This may not have been a ponzi scheme actually. What Trevor was probably attempting to do is equivalent to short selling a stock into oblivion. Namely, he was borrowing all the bitcoin he could and then dumping it on the market, hoping he'd have a big enough influence to push the price down enough to make up for his 1% interest per 3 days.
What he did with the money after selling the bitcoin, (the Las Vegas dinners, and gambling, etc.) doesn't really matter to the business plan, and therefore irrelevant. After all, if you are trying to crash the price of bitcoin to $0, and you succeed, then the cash you received from selling it isn't needed anymore.
The only problem is that he failed to sell enough of it fast enough. So, in reality, it is just like any other hedge fund that shorts on stocks, and the fact that it failed should really just be a notice to the investors to be careful of high risk investments.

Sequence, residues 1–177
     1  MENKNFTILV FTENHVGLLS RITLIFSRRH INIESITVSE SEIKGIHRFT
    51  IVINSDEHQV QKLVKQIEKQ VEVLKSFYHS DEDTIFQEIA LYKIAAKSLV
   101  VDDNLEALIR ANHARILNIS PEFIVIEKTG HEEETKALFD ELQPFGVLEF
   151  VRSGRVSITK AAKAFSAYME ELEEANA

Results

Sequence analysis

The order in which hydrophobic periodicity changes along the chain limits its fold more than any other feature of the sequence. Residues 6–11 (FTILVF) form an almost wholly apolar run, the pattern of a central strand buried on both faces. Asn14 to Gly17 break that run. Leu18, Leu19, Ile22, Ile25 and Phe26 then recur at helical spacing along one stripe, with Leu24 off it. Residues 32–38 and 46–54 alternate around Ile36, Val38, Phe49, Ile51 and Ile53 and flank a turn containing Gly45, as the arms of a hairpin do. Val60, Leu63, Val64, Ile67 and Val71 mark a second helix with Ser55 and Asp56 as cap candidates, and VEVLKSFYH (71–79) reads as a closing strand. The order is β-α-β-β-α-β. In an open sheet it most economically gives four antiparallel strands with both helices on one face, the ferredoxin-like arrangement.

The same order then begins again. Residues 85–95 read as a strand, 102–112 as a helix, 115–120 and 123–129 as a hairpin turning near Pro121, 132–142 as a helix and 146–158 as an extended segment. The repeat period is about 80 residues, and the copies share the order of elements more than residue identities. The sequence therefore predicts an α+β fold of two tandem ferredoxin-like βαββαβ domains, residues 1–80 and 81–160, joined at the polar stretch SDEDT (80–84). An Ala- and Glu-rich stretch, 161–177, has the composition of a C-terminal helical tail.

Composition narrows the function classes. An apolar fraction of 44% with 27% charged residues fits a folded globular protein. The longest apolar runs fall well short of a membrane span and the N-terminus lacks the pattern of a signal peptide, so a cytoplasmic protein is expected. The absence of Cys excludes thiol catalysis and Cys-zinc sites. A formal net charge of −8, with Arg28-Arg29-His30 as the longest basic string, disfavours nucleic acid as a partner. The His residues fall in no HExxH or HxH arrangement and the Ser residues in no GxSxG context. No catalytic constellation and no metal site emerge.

Prior art (state of the art or background art), in most systems of patent law, constitutes all information that has been made available to the public in any form before a given date that might be relevant to a patent's claims of originality.
Since there is no restriction on form, then you could argue that the art has been made available to the public.
How about we turn this around: Other than pirating commercial software or installing spyware, what do you lose by an inability to side-load without a jailbreak?
We'll never know the answer to this, because we'll never know what apps would have been available if side-loading existed.
Adding features does not necessarily increase functionality -- it just makes the manuals thicker.